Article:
• Status: Solved
  • Priority: Medium
  • Security: Public
  • Views: 247
  • Last Modified:

new fails in this program

Hi, and Thank You for considering this question.

I want to create an array of pointers to structure and allocate
the structures one-by-one in a for() loop.  This program fails
on or about the 19th iteration with an Access Violation while
executing "particle[p] = new PARTICLE"

I am using both 95 & NT4 and VC++5.

Here is the code. It is all here in one short file:

#include <windows.h>
#include <string.h>
#include <time.h>
#include <stdio.h>

typedef struct _PARTICLE_ {
   int id;
   int xPos;
   int yPos;
   int xDelta;
   int yDelta;
   int lifespan;
   int age;
   int red, green, blue;
   int oldX, oldY;

void DrawSomething (HWND hwnd);
static int cxClient, cyClient ;
static int xMouse, yMouse;

int WINAPI WinMain (HINSTANCE hInstance, HINSTANCE hPrevInstance,
                    PSTR szCmdLine, int iCmdShow)
   static char szAppName[] = "RandomWalk" ;
   HWND        hwnd ;
   MSG         msg ;
   WNDCLASSEX  wndclass ;

   wndclass.cbSize        = sizeof (wndclass) ;
   wndclass.style         = CS_HREDRAW | CS_VREDRAW ;
   wndclass.lpfnWndProc   = WndProc ;
   wndclass.cbClsExtra    = 0 ;
   wndclass.cbWndExtra    = 0 ;
   wndclass.hInstance     = hInstance ;
   wndclass.hIcon         = LoadIcon (NULL, IDI_APPLICATION) ;
   wndclass.hCursor       = LoadCursor (NULL, IDC_ARROW) ;
   wndclass.hbrBackground = (HBRUSH) GetStockObject (WHITE_BRUSH) ;
   wndclass.lpszMenuName  = NULL ;
   wndclass.lpszClassName = szAppName ;
   wndclass.hIconSm       = LoadIcon (NULL, IDI_APPLICATION) ;

   RegisterClassEx (&wndclass) ;

   hwnd = CreateWindow (szAppName,
                        "Random Walk",
                        WS_OVERLAPPEDWINDOW | WS_VSCROLL,
                        640, /* width */
                        480, /* height */
                        NULL) ;

   ShowWindow (hwnd, iCmdShow) ;
   UpdateWindow (hwnd) ;

   while ( TRUE ) {

      if ( PeekMessage (&msg, NULL, 0, 0, PM_REMOVE) ) {

         if ( msg.message == WM_QUIT ) {

         TranslateMessage (&msg) ;
         DispatchMessage (&msg) ;

      } else {

         DrawSomething (hwnd);

   return msg.wParam ;

   switch ( iMsg ) {
   case WM_SIZE:
      cxClient = LOWORD (lParam);
      cyClient = HIWORD (lParam);
      return 0;

   case WM_DESTROY:
      PostQuitMessage (0) ;
      return 0 ;

      xMouse = LOWORD(lParam);
      yMouse = HIWORD(lParam);
      return 0;

   return DefWindowProc (hwnd, iMsg, wParam, lParam) ;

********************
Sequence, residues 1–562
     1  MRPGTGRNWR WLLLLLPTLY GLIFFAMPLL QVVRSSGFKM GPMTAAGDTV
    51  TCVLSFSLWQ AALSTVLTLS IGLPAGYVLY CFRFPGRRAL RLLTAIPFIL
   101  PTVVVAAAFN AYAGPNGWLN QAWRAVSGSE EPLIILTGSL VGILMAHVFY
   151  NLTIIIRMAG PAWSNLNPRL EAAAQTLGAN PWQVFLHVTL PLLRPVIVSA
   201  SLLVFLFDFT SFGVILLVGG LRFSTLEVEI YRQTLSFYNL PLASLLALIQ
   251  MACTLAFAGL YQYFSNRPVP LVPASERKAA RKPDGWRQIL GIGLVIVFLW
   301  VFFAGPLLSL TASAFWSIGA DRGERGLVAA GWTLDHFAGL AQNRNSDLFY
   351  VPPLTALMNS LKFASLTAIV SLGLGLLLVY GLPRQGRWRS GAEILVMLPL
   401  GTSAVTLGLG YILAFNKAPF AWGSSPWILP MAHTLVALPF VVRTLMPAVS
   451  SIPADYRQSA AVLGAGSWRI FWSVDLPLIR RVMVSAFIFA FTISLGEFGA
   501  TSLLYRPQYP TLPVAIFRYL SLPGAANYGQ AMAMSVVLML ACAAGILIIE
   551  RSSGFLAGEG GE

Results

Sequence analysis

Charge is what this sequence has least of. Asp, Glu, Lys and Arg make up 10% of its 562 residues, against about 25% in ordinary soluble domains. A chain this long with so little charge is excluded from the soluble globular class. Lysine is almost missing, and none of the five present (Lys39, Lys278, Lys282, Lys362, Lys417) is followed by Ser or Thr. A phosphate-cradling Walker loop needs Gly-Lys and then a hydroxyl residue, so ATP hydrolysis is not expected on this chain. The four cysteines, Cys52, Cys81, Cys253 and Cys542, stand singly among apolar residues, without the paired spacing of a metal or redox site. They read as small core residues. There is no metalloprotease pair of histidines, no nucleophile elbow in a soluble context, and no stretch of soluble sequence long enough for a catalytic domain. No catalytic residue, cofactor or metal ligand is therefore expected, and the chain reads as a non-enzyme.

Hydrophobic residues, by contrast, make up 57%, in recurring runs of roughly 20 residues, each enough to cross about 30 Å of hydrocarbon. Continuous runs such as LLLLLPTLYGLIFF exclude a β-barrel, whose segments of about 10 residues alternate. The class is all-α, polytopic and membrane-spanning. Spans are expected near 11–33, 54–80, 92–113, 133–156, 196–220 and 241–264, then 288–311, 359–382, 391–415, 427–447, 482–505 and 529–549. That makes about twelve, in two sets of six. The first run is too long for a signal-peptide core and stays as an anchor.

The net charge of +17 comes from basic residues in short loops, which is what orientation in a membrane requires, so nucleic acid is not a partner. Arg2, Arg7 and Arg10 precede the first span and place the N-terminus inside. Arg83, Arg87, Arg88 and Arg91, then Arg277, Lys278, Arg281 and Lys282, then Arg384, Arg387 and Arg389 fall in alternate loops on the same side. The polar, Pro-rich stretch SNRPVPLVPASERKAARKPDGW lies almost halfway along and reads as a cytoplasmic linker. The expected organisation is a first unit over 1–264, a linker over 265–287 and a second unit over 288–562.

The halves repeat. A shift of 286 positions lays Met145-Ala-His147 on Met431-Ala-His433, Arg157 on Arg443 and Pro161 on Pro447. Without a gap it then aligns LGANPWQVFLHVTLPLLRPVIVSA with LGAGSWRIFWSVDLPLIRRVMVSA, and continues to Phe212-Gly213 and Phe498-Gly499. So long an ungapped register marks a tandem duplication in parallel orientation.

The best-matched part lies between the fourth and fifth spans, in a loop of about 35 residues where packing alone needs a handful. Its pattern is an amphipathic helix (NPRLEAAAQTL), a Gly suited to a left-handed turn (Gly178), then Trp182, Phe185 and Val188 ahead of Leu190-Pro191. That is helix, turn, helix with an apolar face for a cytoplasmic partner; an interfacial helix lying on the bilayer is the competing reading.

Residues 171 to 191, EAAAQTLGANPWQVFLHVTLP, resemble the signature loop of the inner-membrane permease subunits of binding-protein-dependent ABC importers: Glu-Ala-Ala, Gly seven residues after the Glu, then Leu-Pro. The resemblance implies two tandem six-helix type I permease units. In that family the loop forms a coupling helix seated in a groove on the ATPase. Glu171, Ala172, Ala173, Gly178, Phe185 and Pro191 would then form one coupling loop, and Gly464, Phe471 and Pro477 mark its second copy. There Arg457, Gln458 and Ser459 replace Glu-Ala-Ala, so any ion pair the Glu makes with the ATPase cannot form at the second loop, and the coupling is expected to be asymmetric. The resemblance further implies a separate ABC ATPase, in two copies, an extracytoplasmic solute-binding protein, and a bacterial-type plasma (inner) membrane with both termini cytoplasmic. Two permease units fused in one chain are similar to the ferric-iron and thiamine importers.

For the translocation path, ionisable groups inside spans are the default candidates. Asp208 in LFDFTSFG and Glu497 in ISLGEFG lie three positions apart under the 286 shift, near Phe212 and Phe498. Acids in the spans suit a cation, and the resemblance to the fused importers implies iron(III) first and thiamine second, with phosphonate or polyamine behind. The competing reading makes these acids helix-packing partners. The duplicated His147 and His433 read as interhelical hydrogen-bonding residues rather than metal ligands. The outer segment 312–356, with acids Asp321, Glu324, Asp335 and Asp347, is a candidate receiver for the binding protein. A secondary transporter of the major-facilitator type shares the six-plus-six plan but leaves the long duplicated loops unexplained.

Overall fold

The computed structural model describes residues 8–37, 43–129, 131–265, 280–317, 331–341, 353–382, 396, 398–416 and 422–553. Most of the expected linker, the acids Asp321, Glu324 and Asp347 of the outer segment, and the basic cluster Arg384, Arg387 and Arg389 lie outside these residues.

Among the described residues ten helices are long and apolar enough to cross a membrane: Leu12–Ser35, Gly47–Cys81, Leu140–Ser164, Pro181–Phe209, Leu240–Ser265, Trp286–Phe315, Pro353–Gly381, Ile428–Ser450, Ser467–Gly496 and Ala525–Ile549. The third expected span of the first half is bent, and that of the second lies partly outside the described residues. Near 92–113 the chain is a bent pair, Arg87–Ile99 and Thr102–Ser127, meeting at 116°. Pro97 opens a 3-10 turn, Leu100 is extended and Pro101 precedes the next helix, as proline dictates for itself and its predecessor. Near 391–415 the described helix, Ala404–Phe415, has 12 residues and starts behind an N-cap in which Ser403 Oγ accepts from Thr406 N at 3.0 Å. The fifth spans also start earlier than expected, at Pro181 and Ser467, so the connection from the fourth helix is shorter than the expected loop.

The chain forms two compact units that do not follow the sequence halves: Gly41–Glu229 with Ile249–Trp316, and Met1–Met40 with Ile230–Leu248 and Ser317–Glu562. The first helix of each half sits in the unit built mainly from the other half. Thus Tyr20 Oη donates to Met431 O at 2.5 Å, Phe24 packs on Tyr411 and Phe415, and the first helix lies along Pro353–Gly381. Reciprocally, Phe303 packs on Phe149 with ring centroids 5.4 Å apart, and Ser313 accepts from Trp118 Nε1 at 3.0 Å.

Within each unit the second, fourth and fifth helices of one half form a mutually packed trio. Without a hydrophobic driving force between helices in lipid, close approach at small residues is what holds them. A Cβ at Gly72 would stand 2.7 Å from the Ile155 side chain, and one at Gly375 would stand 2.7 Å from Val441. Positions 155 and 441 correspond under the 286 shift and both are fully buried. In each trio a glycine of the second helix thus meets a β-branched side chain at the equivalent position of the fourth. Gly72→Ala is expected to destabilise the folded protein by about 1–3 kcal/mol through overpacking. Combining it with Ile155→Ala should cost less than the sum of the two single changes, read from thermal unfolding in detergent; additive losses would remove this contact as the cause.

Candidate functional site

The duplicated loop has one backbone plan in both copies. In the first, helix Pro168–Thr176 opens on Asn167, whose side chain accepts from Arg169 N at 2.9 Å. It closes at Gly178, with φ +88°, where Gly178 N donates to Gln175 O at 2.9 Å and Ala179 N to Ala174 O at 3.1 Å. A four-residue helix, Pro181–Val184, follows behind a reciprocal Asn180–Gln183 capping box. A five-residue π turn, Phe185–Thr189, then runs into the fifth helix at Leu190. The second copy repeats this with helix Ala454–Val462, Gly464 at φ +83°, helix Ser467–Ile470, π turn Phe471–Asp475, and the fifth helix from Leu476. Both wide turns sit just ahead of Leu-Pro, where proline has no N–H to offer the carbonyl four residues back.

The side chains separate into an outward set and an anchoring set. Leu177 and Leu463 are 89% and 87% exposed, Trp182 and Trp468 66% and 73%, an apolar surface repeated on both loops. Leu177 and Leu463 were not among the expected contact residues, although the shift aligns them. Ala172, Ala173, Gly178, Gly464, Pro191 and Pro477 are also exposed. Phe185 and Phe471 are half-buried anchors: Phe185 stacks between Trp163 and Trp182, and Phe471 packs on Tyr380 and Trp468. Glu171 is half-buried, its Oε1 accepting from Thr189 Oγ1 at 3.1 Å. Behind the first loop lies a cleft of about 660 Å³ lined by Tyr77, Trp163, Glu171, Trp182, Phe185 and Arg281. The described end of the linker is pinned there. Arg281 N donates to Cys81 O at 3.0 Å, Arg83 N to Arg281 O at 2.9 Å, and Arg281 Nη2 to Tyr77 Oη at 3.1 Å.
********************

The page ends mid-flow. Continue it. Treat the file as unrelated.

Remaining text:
DrawSomething (HWND hwnd)
   HDC hdc;
   time_t theTime;

   const int maxParticles = 300;

   PARTICLE *particle[maxParticles];
   static int theEpoch;
   static int t;

   int  p = 0;

   if ( cxClient == 0 || cyClient == 0 ) {

   /* initialize the particles */
   if ( theEpoch == 0 ) {

      srand ((unsigned) time (&theTime));

      for ( p = 0; p < maxParticles; p++ ) {

       particle[p] = new PARTICLE;   /* Access violation here at 19th iteration */

         memset (particle[p], 0, sizeof(particle));

         particle[p]->id = p;

         particle[p]->xPos = cxClient / 2;
         particle[p]->yPos = cyClient / 2;

         particle[p]->xDelta = (rand() % 3) - 1;
         particle[p]->yDelta = (rand() % 3) - 1;

         particle[p]->lifespan = (rand() % 10) + 5;

         particle[p]->age = 0;

         particle[p]->red   = rand() % 256;
         particle[p]->green = rand() % 256;
         particle[p]->blue  = rand() % 256;


      p = 0;

   /* set the particle counter */
   p = t++ % maxParticles;

   /* paint the particle */
   hdc = GetDC (hwnd);

   ReleaseDC (hwnd, hdc);


  • 7
  • 4
  • 2
1 Solution
Try changing
    memset (particle[p], 0, sizeof(particle));
    memset (particle[p], 0, sizeof(PARTICLE));
memset (particle[p], 0, sizeof(particle));

should be

memset (particle[p], 0, sizeof(PARTICLE));
Opps, ecw, beat me to it.  His answer was not there when I started looking at the code.  He should get the points.

However to avoid this problem in the future, use a constructor.  That is what they are for!
Cloud Class® Course: MCSA MCSE Windows Server 2012

This course teaches how to install and configure Windows Server 2012 R2.  It is the first step on your path to becoming a Microsoft Certified Solutions Expert (MCSE).

alfredjAuthor Commented:
Okay great, that solved the problem.  I'll raise the points
to 150 and add one line to the program.

put "particle[p]->oldX = particle[p]->xPos;"
right after "p = t++ % maxParticles;"

and I get an Access Violation.
answer coming.
This code has a bunch of problems.

The array
 PARTICLE *particle[maxParticles];
is local to a procedure and is not static, thus it is created and destroyed every time the procedure is called.  However, the procedure uses

  if ( theEpoch == 0 ) {

to insure that the array is initialized only the first time (ever 2^32 times after that.)  That makes no sense.  Thus the 2nd time the procedure is called there is a new array with random data in it that does not get initialized.  That is the source of the current crash.